A young girl died after her excitement to go on a water slide triggered a heart attack as she was halfway down.
10-year-old London Eisenbeis was excited to go on the 273ft-long slide at Zehnder’s Splash Village in Michigan, USA, last year after waiting two years to be deemed tall enough.
But the thrill threw London’s heart into an abnormal rhythm, and caused a cardiac arrest. The young girl was rushed to hospital, where she was put on life support, but tragically died nine days later, on February 27, 2018.
Though the 10-year-old seemed ‘very healthy’, she had unknowingly been suffering from a rare and potentially fatal condition called Long QT syndrome, which can cause serious irregular heart rhythms.
London’s mum, Tina, spoke to The Sun about what happened at the water park, explaining she was sitting on the other side of the park waiting for her two daughters and her husband, Jerry, at the time.
I heard a whistle go off.
I was like, ‘Oh, there’s probably kids messing around.’ But within maybe minutes I started seeing women looking terrified. One woman was walking with two children, grabbing them.
She said, ‘Somebody’s drowned over there.’ I kind of got nervous.
Tina went to see what was going on, and saw sheets up surrounding the scene and her husband looking on.
The mother continued:
I knew it was one of my kids.
It was an awful thing. There were no signs of the condition, she just dropped.
The day before she had been doing flips in the air.
The slide, which is the biggest at Zehnder’s Splash Village, has a small capsule at the top with a see-through door which closes to encompass the rider.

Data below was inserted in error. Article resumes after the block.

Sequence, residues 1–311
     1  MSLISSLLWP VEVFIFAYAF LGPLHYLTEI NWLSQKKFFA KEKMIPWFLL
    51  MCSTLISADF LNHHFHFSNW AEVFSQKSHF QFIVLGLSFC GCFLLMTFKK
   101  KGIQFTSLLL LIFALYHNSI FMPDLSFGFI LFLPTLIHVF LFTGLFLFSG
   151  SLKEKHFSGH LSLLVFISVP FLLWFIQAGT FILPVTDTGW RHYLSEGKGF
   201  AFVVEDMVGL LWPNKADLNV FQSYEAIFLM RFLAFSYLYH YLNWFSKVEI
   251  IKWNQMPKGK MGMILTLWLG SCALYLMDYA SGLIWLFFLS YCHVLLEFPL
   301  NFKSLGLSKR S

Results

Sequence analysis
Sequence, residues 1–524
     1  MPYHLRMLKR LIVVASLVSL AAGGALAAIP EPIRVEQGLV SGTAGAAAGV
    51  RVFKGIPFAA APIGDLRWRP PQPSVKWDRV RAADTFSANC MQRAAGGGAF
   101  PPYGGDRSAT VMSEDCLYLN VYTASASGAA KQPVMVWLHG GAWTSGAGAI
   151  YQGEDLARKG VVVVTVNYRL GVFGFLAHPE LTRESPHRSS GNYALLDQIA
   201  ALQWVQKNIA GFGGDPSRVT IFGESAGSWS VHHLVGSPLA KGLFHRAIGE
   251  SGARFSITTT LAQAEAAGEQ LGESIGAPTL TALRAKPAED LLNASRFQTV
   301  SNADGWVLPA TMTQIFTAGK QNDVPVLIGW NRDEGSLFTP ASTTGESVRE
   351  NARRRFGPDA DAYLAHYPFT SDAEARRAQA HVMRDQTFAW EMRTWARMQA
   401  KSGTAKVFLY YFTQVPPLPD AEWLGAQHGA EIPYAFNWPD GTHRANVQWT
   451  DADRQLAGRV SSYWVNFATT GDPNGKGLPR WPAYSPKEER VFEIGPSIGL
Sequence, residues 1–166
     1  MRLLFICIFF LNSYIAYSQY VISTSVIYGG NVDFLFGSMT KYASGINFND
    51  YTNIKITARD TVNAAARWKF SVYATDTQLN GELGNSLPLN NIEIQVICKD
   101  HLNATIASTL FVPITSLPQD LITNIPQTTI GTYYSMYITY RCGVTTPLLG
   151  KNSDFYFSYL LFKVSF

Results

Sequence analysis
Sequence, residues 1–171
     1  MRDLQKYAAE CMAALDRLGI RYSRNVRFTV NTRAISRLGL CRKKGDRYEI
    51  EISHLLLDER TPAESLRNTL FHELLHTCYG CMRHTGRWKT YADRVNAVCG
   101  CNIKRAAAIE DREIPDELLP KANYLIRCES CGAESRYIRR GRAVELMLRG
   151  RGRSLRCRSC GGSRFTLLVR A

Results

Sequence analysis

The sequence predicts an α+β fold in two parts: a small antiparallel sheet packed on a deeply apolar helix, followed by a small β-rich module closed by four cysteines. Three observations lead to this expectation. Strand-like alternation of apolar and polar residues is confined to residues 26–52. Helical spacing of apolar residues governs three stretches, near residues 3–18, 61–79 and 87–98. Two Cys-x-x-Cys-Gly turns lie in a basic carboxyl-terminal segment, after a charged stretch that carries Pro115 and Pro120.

The floor beneath them then gives way, causing the person to drop at speed onto the slide.
Tina spoke about London’s final actions, saying:
London looked at her dad, gave two thumbs up and smiled, went down the slide and came out in cardiac arrest. The excitement threw her rhythm.
The slide she went down has a heartbeat sound at the top that my husband said made it even scarier. Who would have ever thought she would come out the bottom without one?
Attempts were made to save London’s life at the water park, though they did not include a defibrillator, which can reestablish a regular heartbeat via an electrical charge.
The young girl was buried on the day of her school’s father-daughter dance, wearing the dress she’d previously picked out for the event.
Following London’s death, Tina trained to become an instructor for the American Heart Association, and she and her husband set up a non-profit foundation in their daughter’s name.
The London Strong Foundation grants defibrillators within the local community in an effort to save lives.
Our thoughts are with London’s friends and family at this tragic time.
If you have experienced a bereavement and would like to speak with someone in confidence contact Cruse Bereavement Care via their national helpline on 0808 808 1677.
Emily Brown first began delivering important news stories aged just 13, when she launched her career with a paper round. She graduated with a BA Hons in English Language in the Media from Lancaster University, and went on to become a freelance writer and blogger. Emily contributed to The Sunday Times Travel Magazine and Student Problems before becoming a journalist at UNILAD, where she works on breaking news as well as longer form features.